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Unformatted text preview: Chad Davis Crithidia bombi is an endoparasite that lives in the mid- and hindgut of Bombus terrestrus or bumblebee (1). C. bombi is not usually fatal. But infected queens are not as successful in a sense of smaller colony production and an overall lower fitness than that of an uninfected queen (1). This protozoan flagellate is native to Europe. Due to commercial pollination, infected bumblebees were most likely brought to the U.S. for pollinization of green house crops (2). The biological taxonomic classification of C. bombi is Phylum Euglenozoa Class Kinetoplastea Order Trypanosomatida Genus Crithidia and species bombi (2). C. bombi is genetically highly diverse (4). Different strains can engage in genetic exchange many times when co-infecting a single host (4). C. bombi reproduces asexually but when conditions are favorable (co-infecting a host) they can exchange DNA (4). This results in Mendelian recombination, losing or gaining alleles, and strains with novel genotypes (4). Studies show many genotypes of C. bombi are present in one host (1). There were high frequencies of multiple strain infections in addition to the genotypic diversity of C. bombi (3). (3)....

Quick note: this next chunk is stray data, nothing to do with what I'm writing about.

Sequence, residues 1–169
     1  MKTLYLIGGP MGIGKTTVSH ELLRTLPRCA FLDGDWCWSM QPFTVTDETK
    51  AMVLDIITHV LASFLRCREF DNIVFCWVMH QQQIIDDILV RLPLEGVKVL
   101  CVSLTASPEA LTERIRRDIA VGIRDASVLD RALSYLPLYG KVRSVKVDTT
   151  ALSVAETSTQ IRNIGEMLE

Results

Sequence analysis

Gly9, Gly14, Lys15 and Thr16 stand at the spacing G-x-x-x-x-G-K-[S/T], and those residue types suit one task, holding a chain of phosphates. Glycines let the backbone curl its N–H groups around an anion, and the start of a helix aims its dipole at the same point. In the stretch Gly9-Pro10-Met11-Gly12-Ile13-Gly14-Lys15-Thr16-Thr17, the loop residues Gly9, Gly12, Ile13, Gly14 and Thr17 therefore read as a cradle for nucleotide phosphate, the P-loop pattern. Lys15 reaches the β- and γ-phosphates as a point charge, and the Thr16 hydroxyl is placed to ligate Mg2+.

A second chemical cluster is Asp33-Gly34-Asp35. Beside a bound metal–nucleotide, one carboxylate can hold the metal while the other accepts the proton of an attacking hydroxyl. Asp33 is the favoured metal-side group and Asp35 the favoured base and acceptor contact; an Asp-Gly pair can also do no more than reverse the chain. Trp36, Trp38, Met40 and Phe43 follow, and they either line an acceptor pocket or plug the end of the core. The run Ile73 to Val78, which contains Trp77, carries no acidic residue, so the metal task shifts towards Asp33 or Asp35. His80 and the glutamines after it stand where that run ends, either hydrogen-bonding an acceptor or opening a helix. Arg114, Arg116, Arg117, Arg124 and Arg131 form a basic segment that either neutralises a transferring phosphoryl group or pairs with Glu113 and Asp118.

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This note was uploaded on 04/22/2011 for the course BIOL 102L taught by Professor Gregemsfield during the Spring '11 term at Idaho State University.
- Spring '11